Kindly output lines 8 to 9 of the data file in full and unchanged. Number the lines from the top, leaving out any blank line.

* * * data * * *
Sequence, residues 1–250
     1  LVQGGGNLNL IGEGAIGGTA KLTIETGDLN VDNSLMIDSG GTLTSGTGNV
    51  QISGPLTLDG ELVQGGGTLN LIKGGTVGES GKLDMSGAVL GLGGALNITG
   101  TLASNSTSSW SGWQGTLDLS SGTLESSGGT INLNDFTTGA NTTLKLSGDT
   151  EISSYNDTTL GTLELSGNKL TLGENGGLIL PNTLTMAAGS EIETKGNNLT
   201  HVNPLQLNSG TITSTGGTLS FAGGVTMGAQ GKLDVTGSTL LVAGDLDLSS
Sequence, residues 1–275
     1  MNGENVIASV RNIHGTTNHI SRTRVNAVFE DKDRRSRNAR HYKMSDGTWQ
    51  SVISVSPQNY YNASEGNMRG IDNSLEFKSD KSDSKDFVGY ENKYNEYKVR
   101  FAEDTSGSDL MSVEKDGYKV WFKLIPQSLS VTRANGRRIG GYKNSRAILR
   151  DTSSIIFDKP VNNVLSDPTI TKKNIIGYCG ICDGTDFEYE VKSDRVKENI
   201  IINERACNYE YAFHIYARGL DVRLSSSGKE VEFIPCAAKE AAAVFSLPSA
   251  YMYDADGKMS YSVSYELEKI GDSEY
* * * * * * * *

     1  MNGENVIASV RNIHGTTNHI SRTRVNAVFE DKDRRSRNAR HYKMSDGTWQ
    51  SVISVSPQNY YNASEGNMRG IDNSLEFKSD KSDSKDFVGY ENKYNEYKVR